Not everything at the PhinneyWood Tool Library is a loud, noisy power tool. If you poke around, you can find humble tools that you might not even have known you needed. Like a bucket of trowels.I’d been thinking about trowels lately, mostly when I was in the shower. You can take a nice, relaxing shower with your eyes closed and the steam slowly easing the cold from your bones; or you can take a multi-tasking shower, scrubbing the walls and checking for loose tiles while your conditioner is doing its thing. You can also take a frenzied shower with your dog, trying to shampoo him without getting clawed to ribbons, but that’s a whole other article. It’s that second kind of shower that I usually take, and I’d noticed that some of the shower tiles were cracked and wiggly, and that grout was discolored or even missing in places. Those things aren’t good from an aesthetic point of view, but, as my husband pointed out, water can get under those loose tiles and freeze on very cold nights. Our shower is in the basement. It’s pretty cold down there.
So I had been thinking about trowels, and grout, and all things shower-related. I did a little research and learned that shower grout needs to be resealed every year or two, depending on how much you use the shower. If you notice your grout is harder to clean, or is getting discolored, you need to clean it well and reseal it with a latex-based product. These are available at any hardware store. Our grout is colored, so I ordered grout stain pens in Dark Smoke and spent many painstaking hours coloring in the grout around our itty-bitty octagonal tiles. But before you ever get to that point, you need to clean the shower thoroughly and fix any damaged grout.I referred to Pinterest (as in all things) and concocted a witch’s brew of blue Dawn and white vinegar, sprayed it on to sit overnight, and in the morning every bit of soap scum wiped right off. I love Pinterest. But I digress. With soap scum and mold vanquished, you’re ready for your trowel.
Trowels come in many shapes and sizes and are used for many different things, from gardening to construction to what we’re about to do in the shower. They consist of a metal blade and a short handle. Some are flat, while others are curved. They are used to spread, dig, scoop, and place. We will be spreading.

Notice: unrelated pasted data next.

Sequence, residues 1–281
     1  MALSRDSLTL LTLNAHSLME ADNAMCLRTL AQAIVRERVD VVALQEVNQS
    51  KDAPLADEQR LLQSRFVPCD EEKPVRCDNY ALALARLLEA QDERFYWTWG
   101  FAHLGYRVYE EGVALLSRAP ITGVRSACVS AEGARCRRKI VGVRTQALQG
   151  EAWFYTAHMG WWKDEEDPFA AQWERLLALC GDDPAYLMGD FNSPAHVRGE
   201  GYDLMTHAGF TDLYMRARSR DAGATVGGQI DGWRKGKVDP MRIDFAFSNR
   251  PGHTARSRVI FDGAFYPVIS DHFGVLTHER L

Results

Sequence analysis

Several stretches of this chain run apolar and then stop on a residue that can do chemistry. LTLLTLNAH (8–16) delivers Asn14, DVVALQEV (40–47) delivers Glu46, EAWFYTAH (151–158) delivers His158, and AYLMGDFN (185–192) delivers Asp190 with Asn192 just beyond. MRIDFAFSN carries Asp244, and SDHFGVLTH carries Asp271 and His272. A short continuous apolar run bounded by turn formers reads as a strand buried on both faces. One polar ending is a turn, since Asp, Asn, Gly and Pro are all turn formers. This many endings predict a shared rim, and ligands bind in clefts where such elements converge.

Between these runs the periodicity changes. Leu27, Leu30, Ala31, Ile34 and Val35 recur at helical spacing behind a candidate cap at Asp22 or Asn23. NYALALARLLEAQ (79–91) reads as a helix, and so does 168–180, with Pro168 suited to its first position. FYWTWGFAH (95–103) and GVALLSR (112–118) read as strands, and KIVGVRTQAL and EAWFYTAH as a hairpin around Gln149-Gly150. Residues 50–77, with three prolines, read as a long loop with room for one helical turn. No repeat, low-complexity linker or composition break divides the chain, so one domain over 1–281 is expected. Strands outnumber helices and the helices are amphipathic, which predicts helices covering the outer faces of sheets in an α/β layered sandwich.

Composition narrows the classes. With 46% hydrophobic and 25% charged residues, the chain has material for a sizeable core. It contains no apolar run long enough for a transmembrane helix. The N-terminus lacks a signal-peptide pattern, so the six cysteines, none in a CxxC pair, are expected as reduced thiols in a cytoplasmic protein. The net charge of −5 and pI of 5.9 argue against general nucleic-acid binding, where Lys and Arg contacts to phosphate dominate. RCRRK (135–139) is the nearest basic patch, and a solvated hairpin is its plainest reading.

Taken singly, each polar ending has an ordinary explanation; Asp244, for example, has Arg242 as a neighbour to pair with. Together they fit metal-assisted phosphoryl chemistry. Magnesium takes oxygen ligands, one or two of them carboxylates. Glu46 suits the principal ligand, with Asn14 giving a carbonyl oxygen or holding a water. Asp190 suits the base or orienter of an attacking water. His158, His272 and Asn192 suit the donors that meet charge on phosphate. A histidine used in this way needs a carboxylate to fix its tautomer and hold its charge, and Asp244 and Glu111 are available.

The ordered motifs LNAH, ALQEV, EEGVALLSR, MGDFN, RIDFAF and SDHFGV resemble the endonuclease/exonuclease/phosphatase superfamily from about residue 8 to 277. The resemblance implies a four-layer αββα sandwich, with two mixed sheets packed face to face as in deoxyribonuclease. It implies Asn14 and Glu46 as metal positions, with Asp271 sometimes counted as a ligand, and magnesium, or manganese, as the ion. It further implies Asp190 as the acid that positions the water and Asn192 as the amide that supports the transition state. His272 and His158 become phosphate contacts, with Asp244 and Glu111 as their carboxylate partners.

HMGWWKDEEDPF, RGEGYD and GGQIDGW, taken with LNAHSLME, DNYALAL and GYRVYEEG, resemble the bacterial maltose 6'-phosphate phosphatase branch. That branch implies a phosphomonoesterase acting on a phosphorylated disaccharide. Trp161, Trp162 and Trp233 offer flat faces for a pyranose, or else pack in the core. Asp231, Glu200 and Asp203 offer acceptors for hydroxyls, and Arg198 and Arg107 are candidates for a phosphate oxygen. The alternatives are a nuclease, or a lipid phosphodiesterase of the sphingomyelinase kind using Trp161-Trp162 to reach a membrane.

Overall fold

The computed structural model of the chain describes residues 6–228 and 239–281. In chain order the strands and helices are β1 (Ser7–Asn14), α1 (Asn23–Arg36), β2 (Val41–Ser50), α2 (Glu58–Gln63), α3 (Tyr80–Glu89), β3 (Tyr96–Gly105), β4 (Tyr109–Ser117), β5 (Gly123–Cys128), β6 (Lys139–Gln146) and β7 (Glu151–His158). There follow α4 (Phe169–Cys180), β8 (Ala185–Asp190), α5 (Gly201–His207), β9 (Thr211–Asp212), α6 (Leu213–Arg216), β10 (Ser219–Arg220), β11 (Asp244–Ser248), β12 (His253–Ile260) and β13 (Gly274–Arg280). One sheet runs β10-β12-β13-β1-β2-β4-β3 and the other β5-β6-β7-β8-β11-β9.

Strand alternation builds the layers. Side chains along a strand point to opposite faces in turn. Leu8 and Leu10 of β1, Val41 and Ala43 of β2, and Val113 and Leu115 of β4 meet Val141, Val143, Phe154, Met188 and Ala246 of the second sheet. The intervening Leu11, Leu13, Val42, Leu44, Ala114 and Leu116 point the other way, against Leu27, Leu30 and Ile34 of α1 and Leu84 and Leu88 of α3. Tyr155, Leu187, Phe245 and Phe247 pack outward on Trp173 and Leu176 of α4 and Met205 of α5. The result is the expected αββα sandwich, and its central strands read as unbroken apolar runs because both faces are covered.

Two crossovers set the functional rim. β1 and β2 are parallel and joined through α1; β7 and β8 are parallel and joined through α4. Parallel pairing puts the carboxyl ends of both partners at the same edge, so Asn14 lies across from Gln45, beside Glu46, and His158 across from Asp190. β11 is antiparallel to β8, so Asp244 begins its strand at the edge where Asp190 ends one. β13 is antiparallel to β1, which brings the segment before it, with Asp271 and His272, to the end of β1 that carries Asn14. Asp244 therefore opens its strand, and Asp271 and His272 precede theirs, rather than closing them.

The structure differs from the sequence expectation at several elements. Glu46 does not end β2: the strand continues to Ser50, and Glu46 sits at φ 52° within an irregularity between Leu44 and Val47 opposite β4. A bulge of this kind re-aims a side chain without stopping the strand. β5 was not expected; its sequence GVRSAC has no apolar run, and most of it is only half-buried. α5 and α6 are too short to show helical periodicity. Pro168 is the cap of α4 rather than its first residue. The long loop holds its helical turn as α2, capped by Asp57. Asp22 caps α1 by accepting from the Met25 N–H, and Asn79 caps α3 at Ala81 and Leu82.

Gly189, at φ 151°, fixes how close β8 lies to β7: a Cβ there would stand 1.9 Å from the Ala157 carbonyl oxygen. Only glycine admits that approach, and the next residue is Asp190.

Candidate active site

There are several trowels used in construction: a brick trowel has a slightly rounded, diamond-shaped blade; a finishing trowel has a large, flat rectangular blade, and a flooring trowel (used to lay concrete) is shaped like a lancet arch and has a pointed front to fit into corners. A gauging trowel has a rounded tip and is used for gauging or mixing quick set plaster. Corner trowels are v-shaped, and do about what you might expect. A pointing trowel is a smaller version of the brick trowel, and is used to separate concrete from the forms it is poured into. A tuck pointing trowel is a long, thin tool that is designed for packing mortar between bricks. There are also trowels used for gardening, and they look like miniature shovels. This is by no means an exhaustive list, and if you ever get bored you might want to explore the Tool Library’s tub of trowels and speculate about the use of each one.
Once the shower was completely dry, I used the smallest trowel from the Tool Library tub of trowels to push the sludge into every nook and cranny, even into cracks in broken tiles around the windowsill. As I’ve said, we have very tiny tiles. If you have bigger tiles, you might want a bigger trowel. There’s a trowel for everyone in that bin. The grout needed to dry for 24 hours, then I used my pens to re-stain it, and it looked like a brand new shower!
So as the holidays wind down and you are making those New Year’s resolutions, don’t forget your shower. Think how much more relaxing it’ll be in there if you know every single tile is safe and sound. Not to mention very, very clean.
The hours of the PhinneyWood Tool Library are Wednesdays from Wednesdays from 3-6:30 pm, Fridays from 5-7 pm, and Saturdays from 9 am-2 pm. Call 206.783.2244, extension 48 to check on availability or to reserve a tool. You do need to be a PNA member to borrow tools, and they ask for a minimal donation.You can go here for a complete list of what tools they have available:
http://www.phinneycenter.org/PDFs/ToolList.pdf. We’d love to hear about your experiences with our Tool Library. Send them to firstname.lastname@example.org and you may see them here in future weeks!